Wed., May 18, 2011 2:44pm (EDT)

Watchdogs Warn of Gerrymandering
By Jeanne Bonner
Updated: 3 years ago

ATLANTA  —  
Redistricting happens every ten years when the census provides new population estimates for counties and states. The process is critical to a well-functioning democracy but it's often fraught with partisanship.
Redistricting happens every ten years when the census provides new population estimates for counties and states. The process is critical to a well-functioning democracy but it's often fraught with partisanship.
Government watchdogs are urging lawmakers not to draw legislative maps solely to create safe seats for sitting legislators. Their comments come as redistricting meetings continue across the state.

Legislators are getting public comments on how to redraw legislative districts. Every ten years, states have to adjust political districts to reflect population shifts.

But lawmakers also bring political power into the process.

Speaking at the Atlanta Press Club, William Perry of Common Cause Georgia said safe districts packed with voters of one party give opponents little chance of winning. And there are quite a few of them already.

“In the November general election in 2010, if you look at the state Senate, there were 54 out of 56 districts that were not competitive," he said following a panel discussion on districting. "When you take that number 54, thirty-three of those elections had no opposition so one party or the other had a clear shot at winning the general election.”

Legislators will hold a special redistricting session in August. Residents can give their input on the process at 12 public meetings statewide, but maps likely won't be available until the special session.

The next meetings are in Savannah on May 18, then Albany on May 23 and Valdosta on May 24.

Residents at the Athens meeting on Monday expressed concern about how the district was divided during the last redistricting process. People who live in the city of Athens said they don't want to be in the same district as voters from rural parts of the area because their concerns are different.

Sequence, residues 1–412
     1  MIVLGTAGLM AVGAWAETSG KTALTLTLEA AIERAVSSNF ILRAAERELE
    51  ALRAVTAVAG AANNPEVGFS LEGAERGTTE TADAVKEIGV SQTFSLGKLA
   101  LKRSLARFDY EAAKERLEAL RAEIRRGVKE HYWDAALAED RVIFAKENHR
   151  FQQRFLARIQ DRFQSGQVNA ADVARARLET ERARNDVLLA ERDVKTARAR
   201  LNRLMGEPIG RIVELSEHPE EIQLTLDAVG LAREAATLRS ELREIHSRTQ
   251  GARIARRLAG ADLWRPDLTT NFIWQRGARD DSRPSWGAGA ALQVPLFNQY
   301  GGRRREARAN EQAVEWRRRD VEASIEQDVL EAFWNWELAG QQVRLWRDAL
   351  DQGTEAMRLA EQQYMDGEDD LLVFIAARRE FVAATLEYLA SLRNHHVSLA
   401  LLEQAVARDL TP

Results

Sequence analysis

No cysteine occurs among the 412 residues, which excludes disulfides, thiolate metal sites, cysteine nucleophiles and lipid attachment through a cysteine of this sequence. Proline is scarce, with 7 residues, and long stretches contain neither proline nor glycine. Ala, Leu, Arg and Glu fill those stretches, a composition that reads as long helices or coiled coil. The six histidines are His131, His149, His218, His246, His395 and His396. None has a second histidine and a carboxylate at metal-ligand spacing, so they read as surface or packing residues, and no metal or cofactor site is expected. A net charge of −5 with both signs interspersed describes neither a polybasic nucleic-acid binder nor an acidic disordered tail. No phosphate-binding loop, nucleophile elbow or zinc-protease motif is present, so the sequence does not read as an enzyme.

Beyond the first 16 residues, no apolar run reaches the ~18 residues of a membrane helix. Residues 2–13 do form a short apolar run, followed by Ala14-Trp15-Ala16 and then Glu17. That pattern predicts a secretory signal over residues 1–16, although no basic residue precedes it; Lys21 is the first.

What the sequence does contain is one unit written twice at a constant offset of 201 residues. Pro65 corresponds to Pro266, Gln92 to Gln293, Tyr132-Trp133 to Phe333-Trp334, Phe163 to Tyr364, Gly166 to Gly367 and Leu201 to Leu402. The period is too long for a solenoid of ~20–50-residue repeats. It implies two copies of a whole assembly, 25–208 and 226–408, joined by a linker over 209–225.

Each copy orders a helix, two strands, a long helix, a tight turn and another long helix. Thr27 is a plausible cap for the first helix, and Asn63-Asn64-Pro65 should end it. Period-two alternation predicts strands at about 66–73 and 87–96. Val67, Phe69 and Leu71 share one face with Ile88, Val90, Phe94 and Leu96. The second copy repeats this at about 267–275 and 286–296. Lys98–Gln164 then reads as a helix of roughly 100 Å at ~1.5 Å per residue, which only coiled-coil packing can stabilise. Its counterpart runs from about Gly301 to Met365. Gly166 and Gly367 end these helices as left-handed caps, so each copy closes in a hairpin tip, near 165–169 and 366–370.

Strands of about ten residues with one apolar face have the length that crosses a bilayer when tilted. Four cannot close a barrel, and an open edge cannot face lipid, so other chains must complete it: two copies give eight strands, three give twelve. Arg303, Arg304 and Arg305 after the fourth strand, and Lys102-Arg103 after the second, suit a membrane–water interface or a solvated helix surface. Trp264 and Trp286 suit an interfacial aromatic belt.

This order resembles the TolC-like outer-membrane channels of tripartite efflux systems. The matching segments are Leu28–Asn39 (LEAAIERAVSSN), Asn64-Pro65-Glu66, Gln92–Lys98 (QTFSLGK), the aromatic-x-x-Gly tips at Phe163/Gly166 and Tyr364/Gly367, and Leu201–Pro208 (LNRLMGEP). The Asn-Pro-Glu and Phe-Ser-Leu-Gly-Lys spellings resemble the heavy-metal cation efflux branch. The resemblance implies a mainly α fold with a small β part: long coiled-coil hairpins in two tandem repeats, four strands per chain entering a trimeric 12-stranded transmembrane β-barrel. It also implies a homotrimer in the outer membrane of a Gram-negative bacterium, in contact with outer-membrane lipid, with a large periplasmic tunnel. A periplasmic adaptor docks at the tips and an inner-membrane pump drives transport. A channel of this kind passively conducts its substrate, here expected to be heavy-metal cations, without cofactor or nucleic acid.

"Take zoning and land use," said Jim Gaudin, a retired professor at the University of Georgia and an Athens resident. "That's not something rural residents think about. But it's important to us."

Many residents said the area, which leans heavily to the left but has no Democratic state representatives or senators, was carved up for political reasons.

Partisanship has already tainted this round of redistrictings. Questions remain over the Republican leadership’s decision to create a new redistricting office. Previously, an independent institute at the University of Georgia oversaw redistricting. The office is also using a law firm that has represented the Republican Party, and has also been involved in challenging aspects of the Voting Rights Act.

The League of Women Voters of Georgia says the change is worrying because it suggests the process may not be impartial.

House Committee Chairman Roger Lane of Darien, who is overseeing the public meetings, has said the new system will save costs by avoiding a long-term contract with the UGA institute.

Republicans have countered protests by saying that when Democrats were in control, they used their advantage when redrawing district maps. In a letter earlier this year to a Democratic lawmaker who complained about the process, Senator President Pro Tempore, Tommie Williams, a Lyons Republican, said that staff members of the Democratic Party had a hand in redrawing legislative maps after the last census was released.

He wrote that the Democratic Party oversaw the process "with no input from any member of the Republican minority at the time," according to the letter, which he sent in February.